Streaming services may have very well changed the way we consume media forever, but that doesn’t always relate to the company’s stock being successful.  If you have paid any attention to the news recently, or your credit card statement, you probably saw a lot of talk surrounding Netflix, the company’s recent earnings, and stock price.  This is a good opportunity to make a small point: the shifts in leadership between supply and demand can be a leading indicator.

Our aim is not to debate the various pricing options of the streaming service or give an outlook of the company—we will leave that to the fundamental analysts.  Instead, let’s talk about the price drop in Netflix’s stock.  Netflix is not only in a bear market after a shocking earnings report, but it was already in a state of high volatility before announcing the loss of 200k subscribers in Q1.  Volatility begets more volatility.

Netflix was the one of the “stars” of the pandemic, rising 131% off of its March 2020 low, more than doubling in stock price.  Since its November 2021 high, the stock has now fallen -69% through Friday’s close, giving back all of the gains it has made since the year 2017.  Three years of gains (+213%) was wiped away by a 69% drop in under six months.  That is the power of negative compounding.

The side-by-side charts below show (1) Netflix since January 2018 and (2) Netflix Market State Environment in relation to the earnings announcement.  Notice Netflix had been in a volatile bear market prior to the earnings announcement.

(1) Source: Canterbury Investment Management using Optuma Technical Analysis Software

(2) Source: Canterbury Investment Management, using Canterbury’s proprietary technical “Market States”

The bottom line here is that volatility often precedes more volatility.  Netflix stock had a large gap down to end 2021, prior to the gap down caused by the earnings announcement.  Additionally, the stock had risen by more than 200%, which was wiped out in the last 6 months.

Market Sectors

The S&P 500 closed down for the 3rd straight week.  Last week was quite volatile across the board.  In 2022, tech-related stocks have been hit the hardest.  Smaller sectors such as Energy, Staples, and Utilities have led.  The table below shows how the average stock for each market sector has performed in 2022, as well where the average stock in each sector is relative to its respective 1-year high mark.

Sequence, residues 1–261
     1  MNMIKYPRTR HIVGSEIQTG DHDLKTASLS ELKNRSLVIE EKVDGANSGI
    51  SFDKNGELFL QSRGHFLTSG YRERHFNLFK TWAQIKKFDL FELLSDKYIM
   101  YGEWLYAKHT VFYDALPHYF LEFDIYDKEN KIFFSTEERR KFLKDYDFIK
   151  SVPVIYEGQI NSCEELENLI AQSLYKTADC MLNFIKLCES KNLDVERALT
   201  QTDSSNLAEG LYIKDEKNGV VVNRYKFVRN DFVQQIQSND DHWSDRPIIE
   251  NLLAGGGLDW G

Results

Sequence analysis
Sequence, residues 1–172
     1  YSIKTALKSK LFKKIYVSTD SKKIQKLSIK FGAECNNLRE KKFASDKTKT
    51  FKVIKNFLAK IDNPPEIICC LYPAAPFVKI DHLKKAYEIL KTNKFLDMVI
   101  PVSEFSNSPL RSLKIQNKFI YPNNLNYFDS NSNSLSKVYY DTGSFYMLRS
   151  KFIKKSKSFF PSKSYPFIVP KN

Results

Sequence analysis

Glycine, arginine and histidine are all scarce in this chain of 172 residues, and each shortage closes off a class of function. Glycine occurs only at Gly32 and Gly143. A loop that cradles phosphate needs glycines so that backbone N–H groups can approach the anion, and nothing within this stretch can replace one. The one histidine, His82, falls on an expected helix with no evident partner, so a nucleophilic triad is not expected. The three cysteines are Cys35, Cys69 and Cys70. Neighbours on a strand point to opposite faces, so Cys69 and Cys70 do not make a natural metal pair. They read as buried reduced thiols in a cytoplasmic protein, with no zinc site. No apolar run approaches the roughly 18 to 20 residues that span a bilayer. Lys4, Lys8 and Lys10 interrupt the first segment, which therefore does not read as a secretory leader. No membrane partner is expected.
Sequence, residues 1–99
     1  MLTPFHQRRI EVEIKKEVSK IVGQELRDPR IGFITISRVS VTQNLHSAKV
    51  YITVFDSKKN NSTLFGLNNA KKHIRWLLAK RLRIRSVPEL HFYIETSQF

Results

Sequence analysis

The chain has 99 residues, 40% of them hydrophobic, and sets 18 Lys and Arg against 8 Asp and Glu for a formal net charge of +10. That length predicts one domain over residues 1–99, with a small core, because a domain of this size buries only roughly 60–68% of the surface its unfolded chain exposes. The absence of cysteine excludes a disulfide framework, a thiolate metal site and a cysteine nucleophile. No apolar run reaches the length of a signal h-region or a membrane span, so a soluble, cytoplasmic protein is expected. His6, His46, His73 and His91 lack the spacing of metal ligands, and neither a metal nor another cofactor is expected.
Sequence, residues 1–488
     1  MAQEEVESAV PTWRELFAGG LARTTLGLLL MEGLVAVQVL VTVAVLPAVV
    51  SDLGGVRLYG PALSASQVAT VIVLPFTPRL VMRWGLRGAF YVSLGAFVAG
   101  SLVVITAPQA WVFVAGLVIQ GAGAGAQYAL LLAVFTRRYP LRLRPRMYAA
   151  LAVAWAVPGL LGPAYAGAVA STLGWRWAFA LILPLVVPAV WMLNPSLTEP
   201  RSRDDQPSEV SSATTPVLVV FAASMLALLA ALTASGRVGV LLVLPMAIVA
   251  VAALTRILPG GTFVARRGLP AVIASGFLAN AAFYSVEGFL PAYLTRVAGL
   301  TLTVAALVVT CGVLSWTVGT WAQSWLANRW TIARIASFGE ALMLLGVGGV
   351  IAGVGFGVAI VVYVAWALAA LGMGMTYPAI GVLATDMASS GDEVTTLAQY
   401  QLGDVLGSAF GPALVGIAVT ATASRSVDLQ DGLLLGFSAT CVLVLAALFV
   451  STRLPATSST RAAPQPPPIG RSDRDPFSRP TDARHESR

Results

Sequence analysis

SectorStock YTD AverageStock Average off 52-week high
Information Technology-18.40%-26.93%
Consumer Discretionary-15.68%-26.64%
Communication Services-10.19%-27.39%
Financials-6.35%-17.53%
Health Care-7.77%-18.83%
Consumer Staples5.17%-6.37%
Energy38.92%-7.97%
Materials0.71%-16.12%
Industrials-7.54%-17.74%
Utilities6.70%-4.95%
Real Estate-2.96%-8.10%

Source: Canterbury Investment Management using daily data from Yahoo Finance

The average stock from a technology-related sector (info tech, communications, and consumer discretionary) has been hit the hardest.  On the contrary, the average stock from energy, utilities, materials, and staples is up on the year.  This has been an advantage for adaptive portfolio management.  In other words, there have been equities that have had favorable characteristics so far in 2022, that happen to be a small percentage of the markets.  An adaptive portfolio has had the opportunity to rotate into these areas.

Bottom Line & Bear Markets

Here is the big concern for the markets right now.  We just mentioned that there have been equity areas that have been in favor in 2022.  We also briefly alluded to the fact that last week was volatile across the board.  Given all the volatility experienced this year, Friday was the first day where every S&P 500 sector was down at least -1.50%.  In other words, every sector had an outlier day.  Bonds, often considered the “conservative” asset, were flat-to-down on Friday, as were commodities, so it can be generally presumed a lot of the selloff proceeds probably went to cash.

We have been dealing with a Bearish Market State since early February.  Since then, volatility has created more volatility.  The broad participation in the market’s selloff last week is a bit concerning.  The best places in the market this year were impacted by the volatile swings last week.  If this trend continues, most investors will struggle to find avenues that can protect their portfolio.

In other words, dealing with and navigating a bear market environment is a dynamic process. There are several investment tools available to do this, but portfolio management of these tools is crucial. Today, we have tools like inverse securities that can benefit from volatile fluctuation.  As the market begins to show us where it wants to go, an Adaptive Portfolio will continue to make the necessary adjustments to limit the volatile market swings.

For more market trends, visit ETF Trends.